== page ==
After the judge throws out Skeet’s indictment, Skeet moves in to Jackie’s house. The house immediately begins to feel crowded. Skeet doesn’t leave the house—he seems nervous about walking through the streets. Jackie is worried that Skeet will be a bad influence on Robert. She sleeps very little, and works long hours to support Robert’s education. The additional stress of having Skeet back is very difficult.
Jackie has always been wary of the influence Skeet has on Robert, and now, she seems especially uncomfortable with their relationship. Jackie has spent so many years sacrificing her needs for her son’s that, very poignantly, she’s finally beginning to slow down.
Robert struggles with having Skeet back in his life. Skeet almost never leaves the house, but he constantly asks Robert where he’s going and what he’s been doing. For years now, Robert has been living as an adult, with total freedom. Now, his father pesters him with nagging questions. In January, the state of New Jersey files a counter-appeal to Skeet’s post-conviction relief ruling. Skeet returns to jail, as he’s known he’ll have to do.
Skeet knew he’d have to go back to jail, so he’s mentally prepared for the return. At this point, however, he’s still optimistic that he’ll win his case and have his indictment thrown out, leaving him a free man.
One spring evening in 1998, Robert and Victor are sharing a joint. Robert has applied to Yale, Penn, Columbia, and Johns Hopkins. Earlier in the day, Robert has learned of his acceptance, full-ride, to Montclair State. Tearfully, Robert admits to Victor that he doesn’t know what he wants to do. He excels at many different subjects, but doesn’t know how to focus his ambitions. In the next two weeks, he’s accepted to Johns Hopkins, Yale, and Penn. However, Robert thinks that he’ll have to attend Montclair in order to avoid accumulating further debts.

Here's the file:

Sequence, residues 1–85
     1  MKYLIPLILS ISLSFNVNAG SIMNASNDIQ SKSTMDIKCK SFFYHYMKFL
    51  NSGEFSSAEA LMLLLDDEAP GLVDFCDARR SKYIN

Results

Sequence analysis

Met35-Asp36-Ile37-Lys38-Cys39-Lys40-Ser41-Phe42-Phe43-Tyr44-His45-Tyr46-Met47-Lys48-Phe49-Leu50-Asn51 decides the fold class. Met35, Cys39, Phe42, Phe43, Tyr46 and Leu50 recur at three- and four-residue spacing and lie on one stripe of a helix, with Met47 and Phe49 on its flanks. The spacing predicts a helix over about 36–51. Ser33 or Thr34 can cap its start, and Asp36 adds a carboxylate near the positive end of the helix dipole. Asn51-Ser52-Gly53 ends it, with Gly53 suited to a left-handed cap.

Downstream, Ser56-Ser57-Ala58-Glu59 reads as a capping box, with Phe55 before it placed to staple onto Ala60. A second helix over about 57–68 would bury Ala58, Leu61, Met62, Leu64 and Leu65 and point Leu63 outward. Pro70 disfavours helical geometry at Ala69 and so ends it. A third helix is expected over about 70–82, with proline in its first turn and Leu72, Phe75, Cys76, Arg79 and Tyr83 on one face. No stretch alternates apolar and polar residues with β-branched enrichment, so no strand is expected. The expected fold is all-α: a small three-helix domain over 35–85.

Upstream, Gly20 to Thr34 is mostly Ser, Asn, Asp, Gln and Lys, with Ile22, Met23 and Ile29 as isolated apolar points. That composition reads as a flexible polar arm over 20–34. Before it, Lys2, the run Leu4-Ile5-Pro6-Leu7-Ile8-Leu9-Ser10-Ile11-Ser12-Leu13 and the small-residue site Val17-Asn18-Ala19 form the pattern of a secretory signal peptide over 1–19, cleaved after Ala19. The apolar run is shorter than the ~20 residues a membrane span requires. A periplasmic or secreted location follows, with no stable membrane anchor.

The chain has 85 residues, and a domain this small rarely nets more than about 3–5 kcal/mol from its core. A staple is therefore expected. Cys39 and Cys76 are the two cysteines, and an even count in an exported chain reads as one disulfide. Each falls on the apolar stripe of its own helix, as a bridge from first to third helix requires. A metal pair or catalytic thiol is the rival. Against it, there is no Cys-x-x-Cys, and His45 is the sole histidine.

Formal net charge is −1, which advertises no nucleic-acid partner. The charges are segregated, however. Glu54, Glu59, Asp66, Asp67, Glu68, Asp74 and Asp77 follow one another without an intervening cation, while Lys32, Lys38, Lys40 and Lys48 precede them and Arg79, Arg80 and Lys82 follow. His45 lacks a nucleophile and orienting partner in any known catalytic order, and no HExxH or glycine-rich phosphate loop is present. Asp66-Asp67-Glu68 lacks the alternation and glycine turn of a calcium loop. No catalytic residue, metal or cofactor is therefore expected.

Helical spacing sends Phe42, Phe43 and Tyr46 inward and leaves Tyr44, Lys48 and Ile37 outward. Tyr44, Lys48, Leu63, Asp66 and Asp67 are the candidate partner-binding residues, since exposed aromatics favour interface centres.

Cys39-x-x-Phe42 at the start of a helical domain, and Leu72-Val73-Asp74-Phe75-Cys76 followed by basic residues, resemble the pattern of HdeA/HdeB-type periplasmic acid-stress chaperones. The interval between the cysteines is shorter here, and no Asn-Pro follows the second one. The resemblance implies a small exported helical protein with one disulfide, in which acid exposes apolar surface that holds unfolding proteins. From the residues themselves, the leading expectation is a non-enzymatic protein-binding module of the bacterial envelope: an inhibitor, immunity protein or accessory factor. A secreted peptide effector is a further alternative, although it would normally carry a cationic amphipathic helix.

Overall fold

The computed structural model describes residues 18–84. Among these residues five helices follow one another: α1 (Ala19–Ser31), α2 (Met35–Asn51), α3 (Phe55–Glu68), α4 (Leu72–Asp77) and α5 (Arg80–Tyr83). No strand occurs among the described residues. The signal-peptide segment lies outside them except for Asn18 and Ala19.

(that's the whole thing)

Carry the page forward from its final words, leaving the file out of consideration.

Robert experiences a problem that’s common among highly gifted people: he’s good at so many things that he can’t decide which ones he’d like to pursue seriously. The extremely high tuition at Yale and other elite colleges makes Robert think that he’ll have to attend a cheaper school—he loves his mother and doesn’t want to burden her any further than he already has.
In April 1998, the seniors attend their senior banquet. Other attendees include Charles Cawley, the CEO of MBNA. Robert gives the keynote address for the evening, and Cawley is struck by Robert’s confidence. Friar Leahy informs him that Robert carried a near-perfect GPA, got up at forty-thirty every morning to work as a lifeguard, and got into Yale.
Cawley is naturally impressed by Robert’s achievements: he’s won enormous academic success and, furthermore, achieves this success despite having to work hard to support himself and his family.
At the end of the evening, Cawley greets Robert and congratulates him on his success. He says, “You can go to college wherever you want.” Robert thanks Cawley, not entirely sure what this means. But soon, he understands: Cawley has effectively given him a blank check for his college expenses, “no questions asked.” Robert is so overcome that he begins to cry. Friar Leahy later informs him that Cawley has never made an offer like this in the twenty-five years that he’s been a benefactor to St. Benedict’s.